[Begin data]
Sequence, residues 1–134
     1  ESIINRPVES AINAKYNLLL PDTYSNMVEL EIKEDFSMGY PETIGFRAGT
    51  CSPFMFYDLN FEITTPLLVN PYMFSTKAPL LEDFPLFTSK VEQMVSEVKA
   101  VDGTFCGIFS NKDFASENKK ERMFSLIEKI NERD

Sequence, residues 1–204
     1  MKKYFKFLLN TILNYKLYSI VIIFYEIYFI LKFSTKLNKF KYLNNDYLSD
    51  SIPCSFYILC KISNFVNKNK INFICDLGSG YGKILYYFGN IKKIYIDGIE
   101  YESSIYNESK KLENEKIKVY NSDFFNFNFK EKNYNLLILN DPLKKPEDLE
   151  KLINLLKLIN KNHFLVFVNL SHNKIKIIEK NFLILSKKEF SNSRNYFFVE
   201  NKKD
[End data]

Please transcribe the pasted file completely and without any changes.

Sequence, residues 1–134
     1  ESIINRPVES AINAKYNLLL PDTYSNMVEL EIKEDFSMGY PETIGFRAGT
    51  CSPFMFYDLN FEITTPLLVN PYMFSTKAPL LEDFPLFTSK VEQMVSEVKA
   101  VDGTFCGIFS NKDFASENKK ERMFSLIEKI NERD

Sequence, residues 1–204
     1  MKKYFKFLLN TILNYKLYSI VIIFYEIYFI LKFSTKLNKF KYLNNDYLSD
    51  SIPCSFYILC KISNFVNKNK INFICDLGSG YGKILYYFGN IKKIYIDGIE
   101  YESSIYNESK KLENEKIKVY NSDFFNFNFK EKNYNLLILN DPLKKPEDLE
   151  KLINLLKLIN KNHFLVFVNL SHNKIKIIEK NFLILSKKEF SNSRNYFFVE
   201  NKKD